This Summer has seen Simon Grayson able to shake off a large part of the Barton funk that was hanging onto The Cod Army. But it may have been premature, as his fragrance hasn’t hit the market yet. This has left a squad smelling anonymous, lacking in essence, and therefore not viable to pass through the doors of progression.
There’s no doubt a team there, and the players remaining have an obvious case for being there, but depth is a vital thing, and as the season wears on, Fleetwood could be out of theirs as they fall away from the more prepared pack.


Steve Evans lost a few big names over the Summer, with the likes of Bonham, Graham, and Ogilvie heading out, but with the likes of Ben Reeves and Olly Lee coming in, and Max Ehmer coming back, you’d think Gillingham had set themselves up once again for a push at the play-offs. There’s no doubt that Steve Evans is effective in delivering such a thing.
It’s a squad that feels like everyone has a place, and you can see everyone doing their job — if they’re as on-form as last season and have pushed on, their mix of poise and power could threaten the top sides.


Love a bit of Paul Cook. He’s got the goods for Ipswich, I reckon. With a clearout that would make Kim and Aggie proud, Cook has already proved that he’s pulling nae punches in the job. Ipswich seemed cursed, and he’s dusting everything off ’til he finds it and shaking the hoodoo out of Portman Road. Long time servants like Freddie Sears, Cole Skuse, and Luke Chambers have been shipped down the road, and promising youngsters like Andre Dozzell and Tristan Nydam have hit the bricks as well. But that has allowed Cook to put his side together: to a solid core including Downes and Woolfenden, he’s added a League Two standout stopper, an SPL wunderkind, proper League One experience and quality, as well as untapped potential. This could be a break from bad breaks for The Tractor Boys, but they’ll have to have eyes on the back of their head up top.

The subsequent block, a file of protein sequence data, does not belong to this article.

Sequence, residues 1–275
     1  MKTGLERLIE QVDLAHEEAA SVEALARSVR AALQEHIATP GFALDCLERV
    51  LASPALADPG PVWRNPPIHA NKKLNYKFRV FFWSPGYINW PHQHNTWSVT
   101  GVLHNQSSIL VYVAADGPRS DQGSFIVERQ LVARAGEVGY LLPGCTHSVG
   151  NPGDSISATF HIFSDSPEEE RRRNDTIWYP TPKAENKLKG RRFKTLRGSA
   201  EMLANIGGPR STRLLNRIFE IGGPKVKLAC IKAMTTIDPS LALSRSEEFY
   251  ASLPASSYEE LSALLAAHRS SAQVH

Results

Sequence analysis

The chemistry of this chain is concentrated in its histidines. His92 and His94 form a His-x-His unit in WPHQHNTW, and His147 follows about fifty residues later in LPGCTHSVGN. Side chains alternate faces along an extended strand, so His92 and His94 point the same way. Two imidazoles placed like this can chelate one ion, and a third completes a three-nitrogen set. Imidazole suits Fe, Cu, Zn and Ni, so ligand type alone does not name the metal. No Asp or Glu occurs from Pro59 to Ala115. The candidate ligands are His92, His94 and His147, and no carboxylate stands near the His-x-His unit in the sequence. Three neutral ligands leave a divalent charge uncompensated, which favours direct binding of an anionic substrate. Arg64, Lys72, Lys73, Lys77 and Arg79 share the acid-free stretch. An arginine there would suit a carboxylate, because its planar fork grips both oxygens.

The beaten play-off finalists needed to take that chance last season. It was a side full of promising talent, and that was only temporary. With loans having expired, Appleton will have to do it again in the market, and he’s got off to a great start with the signing of last season’s League Two Player of the Season Josh Griffiths to take over from fellow Baggie Alex Palmer in goal. Jorge Grant is another big departure, but Chris Maguire fills the gap, coming aboard with a level of shithousery hitherto unseen at Sincil Bank.
There’s still a few gaps to plug for The Imps, but they’re a club on the rise, and the presence of Landon Donovan alone should inspire a push up the table, if not a mad dash to the top.


There’s no doubt that Russell Martin has been, and is been, given the time to craft the squad he wants. Last season showed vast improvement from the team that only acted when under immense pressure, as they became an unpredictable League One side.
I reckon this season could see ’em being the chancers — scoring a lot and conceding a lot, but the important thing will be progression within their ranks. Loanees and settlers will keep ’em afloat this season, but it’ll be the marching on of the next generation that’ll see efficient advancement.


As soon as they went up, they lost their manager and their star player. That’d be enough to dampen any excitement, but then the deluge continued, with player after player who played a key role in the promotion taking off or ducking out. Stephen Robinson hasn’t rested though, and to a senior squad of only nine players, he has added reinforcements across the pitch.
It’s a swing really. Shots in the dark. The quality of the players is undoubtable, but there seems to be little rhyme or reason beyond that. It was already going to be difficult for The Shrimps to compete, and a manager rarely leaves if there isn’t trouble on the horizon — and this was probably that trouble.
Morecambe will put forth a hearty battle, but it will be in vain come season-end.


Oxford are in recovery at the start of every League One season, as they lose a player or two that made them look so formidable previously. They find a replacement, go again, stutter, and then finish well — play-offs or just outside.
Here’s that again.
Atkinson and Ruffels have jumped ship. Seddon and Williams fill a gap. We’re off again. Only we’re still short a centre-back because Williams isn’t one. It’s a lot of presence to lose at the back, and those stepping in will do well to match it. Oxford have quality enough, but the constant drive can get tiring, and like Newport before them, a season off is inevitable — this is gonna be it. It won’t be dangerous, but it won’t be too exciting either.